Joe Rotkis (Morehead State University Photo)

Joe Rotkis (Morehead State University Photo)

Dowler sees first Union City team win sectional title

By STEVE KRAH

http://www.IndianaRBI.com

Jason Dowler may be a “rookie” as first-year head coach of the Union City (Ind.) Community Junior-Senior High School baseball team.

But his relationship with many Union City players goes back to when they were little boys.

Freshmen Owen Dowler (Jason’s son), Zack Fulk and Corbin Richards and sophomore Jude Connor all played together on Dylan’s Dawgs — a team named in honor of Dylan Williams who was killed during an 8U all-star practice in 2013. Owen Dowler was Dylan’s rec ball teammate.

Dylan Williams would have been a sophomore in 2021.

Having coached and observed them for years, Jason Dowler knew those younger players very well.

“My job was to figure everybody else out,” says Dowler, who saw the Indians win the IHSAA Class 1A Seton Catholic Sectional and punch their ticket to the Carroll (Flora) Regional on Saturday, June 5.

In winning the program’s third sectional title — and first since 2018 — Union City bested Tri, Seton Catholic and Blue River Valley by a combined 27-0 at Don McBride Stadium in Richmond.

Senior Hunter Reagan started on the mound and Owen Dowler finished against Tri. The Seton Catholic game began Friday and was postponed to Saturday because of rain. Sophomore Camden LaFuze started it Friday and Reagan finished it Saturday.

The postponement also meant that Seton, which beat Randolph Southern with Indiana High School Baseball Coaches Association District H Player of the Year and Miami (Ohio) University commit Luke Leverton, was able to go back to the hard-throwing right-hander at the beginning of Saturday’s game. 

As Leverton left the mound after three innings, Union City was up 1-0. When Leverton came to the plate in a key spot late in the game, Dowler had him intentionally walked and UC went on to a 5-0 triumph and the sectional championship game on Monday, which was pitched by LaFuze. The Indians blanked Blue River Valley 6-0.

“We’ve been dominant on the mound and our defense is playing very well right now,” says Dowler. “A lot of games we lost we beat ourselves (with errors and too many walks by the pitching staff).”

The Indians were 2-7 in the nine games heading into the tournament.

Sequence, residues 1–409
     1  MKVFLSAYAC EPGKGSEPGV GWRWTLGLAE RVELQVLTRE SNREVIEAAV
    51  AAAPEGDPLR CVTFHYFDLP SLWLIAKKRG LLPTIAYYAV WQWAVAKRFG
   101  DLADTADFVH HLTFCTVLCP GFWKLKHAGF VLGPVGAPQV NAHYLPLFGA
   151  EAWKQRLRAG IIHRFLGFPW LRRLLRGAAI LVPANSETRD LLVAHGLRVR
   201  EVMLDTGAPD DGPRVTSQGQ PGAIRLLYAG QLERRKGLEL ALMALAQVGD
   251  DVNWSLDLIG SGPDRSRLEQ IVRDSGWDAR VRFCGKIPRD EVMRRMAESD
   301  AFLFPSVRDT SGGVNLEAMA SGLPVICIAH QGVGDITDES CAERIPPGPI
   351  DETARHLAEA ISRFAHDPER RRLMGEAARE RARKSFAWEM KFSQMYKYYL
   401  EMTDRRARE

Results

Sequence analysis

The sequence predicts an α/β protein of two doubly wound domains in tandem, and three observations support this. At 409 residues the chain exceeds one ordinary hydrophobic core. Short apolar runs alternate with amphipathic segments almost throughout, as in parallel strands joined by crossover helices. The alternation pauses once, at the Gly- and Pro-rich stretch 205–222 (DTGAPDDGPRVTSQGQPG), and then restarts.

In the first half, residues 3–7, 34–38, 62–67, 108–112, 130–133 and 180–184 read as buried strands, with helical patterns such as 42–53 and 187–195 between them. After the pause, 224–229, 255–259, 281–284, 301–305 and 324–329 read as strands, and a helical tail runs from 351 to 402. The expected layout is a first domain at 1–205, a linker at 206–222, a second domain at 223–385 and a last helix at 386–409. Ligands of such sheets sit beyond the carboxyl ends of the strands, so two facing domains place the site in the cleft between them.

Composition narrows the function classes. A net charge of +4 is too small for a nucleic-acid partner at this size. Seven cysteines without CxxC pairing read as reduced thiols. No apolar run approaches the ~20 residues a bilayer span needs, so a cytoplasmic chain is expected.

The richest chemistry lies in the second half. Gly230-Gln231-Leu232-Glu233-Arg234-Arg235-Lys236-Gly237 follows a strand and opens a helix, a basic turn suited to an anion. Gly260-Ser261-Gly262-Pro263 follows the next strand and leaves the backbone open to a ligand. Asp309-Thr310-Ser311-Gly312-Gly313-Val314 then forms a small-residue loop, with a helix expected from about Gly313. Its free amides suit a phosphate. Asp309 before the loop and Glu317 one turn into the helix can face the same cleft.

Dowler says there was a team meeting that turned things around.

“We said we can beat ourselves or start playing some good Indian baseball,” says Dowler. “It’s a very simple sport. We as players and coaches overthink it.

“We can make it difficult or we can make it easy on ourselves. We’ve tried to work smarter and not harder.”

Union City has operated by a motto: “Just compete, man.”

“If we lose, we lose,” says Dowler. “But we’re not going to beat ourselves.

“Go out there and compete and have fun.”

Dowler insists that his pitchers throw strikes and let their defense have the opportunity to get outs. 

Above all, he wants them to be bold.

“You are going to make errors and you are going to strike out,” says Dowler. “Baseball is a mindset. You have to be confident.”

There are 10 active players on the youthful Union City team. The starting lineup features freshmen Owen Dowler (first base), Fulk (second base) and Richards (catcher) and sophomores Connor (third base) and LaFuze (pitcher).

“It’s challenging mentally for these kids to walk up to a baseball field and other team is sporting 17 to 19 kids and we walk up with just enough to play,” says Dowler. “But we have a different mindset. We don’t let that effect us. It’s not your dream, but you deal with what you’ve got.”

Union City (10-13) takes on Cowan (13-13) at 10 a.m. Saturday. A win sends them into the 8 p.m. championship game against the winner of Riverton Parke (21-9) vs. Clinton Central (16-11). 

A wrinkle for the Indians is that graduation is at 3 p.m., so they would make the 2 1/2-hour trip each way from Flora to Union City and back — something that happened in 2018.

Union City (located on the Indiana-Ohio line with an enrollment around 240) is a member of the Tri-Eastern Conference (with Cambridge City Lincoln, Centerville, Hagerstown, Knightstown, Northeastern, Tri, Union County and Winchester).

With the latest trophy-taking, Union City has won three sectional titles. The previous championships came in 2012 and 2018.

Home games are played on the Union City campus. This year the team sold soap to raise funds to upgrade the facility.

Dowler says he wants to get the local Pony League thriving again.

“To be successful you have to have a feeder program,” says Dowler.

His assistant coaches at the high school are Rick Lacy, Kevin Lehman and Jacob Fulk. Lacy has been around Union City for about four decades in various capacities. Lehman keeps the scorebook for the Indians and was on South Adams’ state runner-up team in 1972. Fulk, the older brother of Zack, was on the 2018 sectional championship team and played one season and the University of Northwestern Ohio. He is Dowler’s pitching coach.